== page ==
Monday, April 05, 2010

The Poetics of Space
by Gaston Bachelard

Tuesday, March 09, 2010

Starting Point 1979 - 1996
Hayao Miyazaki
-collection of interviews and lectures and articles, by the maker of my favorite movies (so far).

Saturday, March 06, 2010

The Way Through Doors
by Jesse Ball
-Couldn't get into this. I love meta-, but here there's too much archness/cuteness for me. Maybe there's some smartness to be found in the rest of the book.  Not my style.

Monday, March 01, 2010

The Book of Disquiet
Fernando Pessoa
(Extraordinary Classics)
-finally finished this after years (?) of off and on reading.  It seems like the right way to read this book, with its short, dense meditations.  I'll keep dipping back into it, it's a mental space that's good to return to from time to time.  But I couldn't live there.  I loved the book and felt a fondness and kinship with the author, even though at times I disagreed with the philosophy and attitude toward life he set forth in some of the meditations.  He changes his mind often, however, and experiments with ideas, plays with them, and so it seems wrong to hold him firmly to anything he says.  Irony and dreaming and play, not dialectics.  The book is not about setting forth arguments, though he does try, arguing as an absolute aesthete, the real deal.  This book was never even published in his lifetime.  ...anyways...look it up...  It goes on the shelf with favorite, wise, dense books I'll return to over and over during the years I have left.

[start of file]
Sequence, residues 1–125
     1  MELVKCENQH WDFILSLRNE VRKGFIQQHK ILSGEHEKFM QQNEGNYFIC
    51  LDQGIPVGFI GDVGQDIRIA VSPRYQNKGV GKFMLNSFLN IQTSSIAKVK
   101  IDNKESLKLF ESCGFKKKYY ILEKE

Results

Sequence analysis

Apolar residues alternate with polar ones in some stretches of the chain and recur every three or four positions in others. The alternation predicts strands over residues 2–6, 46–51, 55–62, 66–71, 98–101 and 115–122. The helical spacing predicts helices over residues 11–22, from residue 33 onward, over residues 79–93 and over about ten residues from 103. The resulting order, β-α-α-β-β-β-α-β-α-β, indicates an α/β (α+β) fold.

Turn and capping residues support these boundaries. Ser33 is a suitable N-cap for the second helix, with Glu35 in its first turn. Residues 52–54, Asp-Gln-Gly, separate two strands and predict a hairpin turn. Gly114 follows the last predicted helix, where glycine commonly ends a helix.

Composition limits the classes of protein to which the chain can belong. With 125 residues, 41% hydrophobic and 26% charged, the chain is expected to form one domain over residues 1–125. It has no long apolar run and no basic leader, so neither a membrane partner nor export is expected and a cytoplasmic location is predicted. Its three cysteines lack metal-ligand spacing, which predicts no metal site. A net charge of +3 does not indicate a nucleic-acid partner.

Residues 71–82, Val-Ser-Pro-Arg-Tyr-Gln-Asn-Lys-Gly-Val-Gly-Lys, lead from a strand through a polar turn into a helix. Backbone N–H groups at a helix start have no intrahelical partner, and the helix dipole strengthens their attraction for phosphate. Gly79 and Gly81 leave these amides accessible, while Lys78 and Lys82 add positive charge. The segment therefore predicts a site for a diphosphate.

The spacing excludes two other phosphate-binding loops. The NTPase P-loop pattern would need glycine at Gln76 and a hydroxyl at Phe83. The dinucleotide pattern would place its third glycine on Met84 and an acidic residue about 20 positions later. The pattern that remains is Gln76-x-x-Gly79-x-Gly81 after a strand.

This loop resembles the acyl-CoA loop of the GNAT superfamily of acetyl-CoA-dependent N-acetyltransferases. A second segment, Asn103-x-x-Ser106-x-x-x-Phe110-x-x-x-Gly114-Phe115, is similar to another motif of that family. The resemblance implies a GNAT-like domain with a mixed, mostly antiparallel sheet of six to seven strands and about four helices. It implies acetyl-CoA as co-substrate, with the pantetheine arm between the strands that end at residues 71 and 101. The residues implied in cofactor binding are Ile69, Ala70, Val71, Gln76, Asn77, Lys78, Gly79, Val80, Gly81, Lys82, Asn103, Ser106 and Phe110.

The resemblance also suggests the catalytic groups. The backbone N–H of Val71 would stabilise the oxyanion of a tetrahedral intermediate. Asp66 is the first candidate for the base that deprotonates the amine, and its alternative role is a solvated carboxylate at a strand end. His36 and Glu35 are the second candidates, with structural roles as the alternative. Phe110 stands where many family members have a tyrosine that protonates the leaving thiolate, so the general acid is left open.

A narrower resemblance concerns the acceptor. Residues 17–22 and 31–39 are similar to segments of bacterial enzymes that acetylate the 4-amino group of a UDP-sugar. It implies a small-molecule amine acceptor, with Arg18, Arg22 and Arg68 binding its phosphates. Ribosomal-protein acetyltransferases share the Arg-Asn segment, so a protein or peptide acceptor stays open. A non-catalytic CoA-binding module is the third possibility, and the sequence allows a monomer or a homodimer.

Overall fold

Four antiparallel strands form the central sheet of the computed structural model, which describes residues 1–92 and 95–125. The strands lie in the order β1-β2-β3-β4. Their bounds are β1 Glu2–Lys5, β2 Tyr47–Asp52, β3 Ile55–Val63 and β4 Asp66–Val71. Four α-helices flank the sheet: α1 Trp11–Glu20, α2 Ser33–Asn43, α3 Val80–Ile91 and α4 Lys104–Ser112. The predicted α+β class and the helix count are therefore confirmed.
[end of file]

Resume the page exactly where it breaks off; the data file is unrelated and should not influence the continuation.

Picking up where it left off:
Tuesday, February 23, 2010

33 1/3 - Another Green World
- not much new to me, but easier to read than Aja or DNation

by Eva Hoffman
-small books, big ideas series by Picador.  Intro was good, so I was excited to read this, but the bulk of it was just "notecard writing" (is there a term for this?)  If you're interested in the broad topic "time," like me, I'd say read the Intro and the final chapter.

Recent noteworthy articles and essays (off top of my head):

Adam Ciralsky in Vanity Fair on Blackwater

James Fallows in the Atlantic on “How America Can Rise Again"

Believer essay by Bachelder about kid and surprises. (Tried reading Bear vs Shark, couldn't get through it, despite the occasional good joke)

David Owen on smells in NYer (loved this, and the nickname one a while back.  I'll buy this book when it comes out)

Article on Tea Party in New Yorker got terrifying with the Creation Museum cameo!

Friday, February 19, 2010

33 1/3 Series:
Daydream Nation
-DNation not recommended, crazy writing.  Aja for chord nerds only, and session musician imdb-ing.

Sunday, January 24, 2010

Gave up on Madame Bovary 1/3 through!  Complicated feelings about it, respeck, but couldn't take enough pleasure in it to keep going.  Might try again.

Sunday, January 03, 2010

The Invention of Air
by Steven Johnson

-Good pop science/history, short, but a lot packed in here, good ideas.  I probably should read his other books. (also see his talk with Eno at ICA, can be found in iTunes podcasts)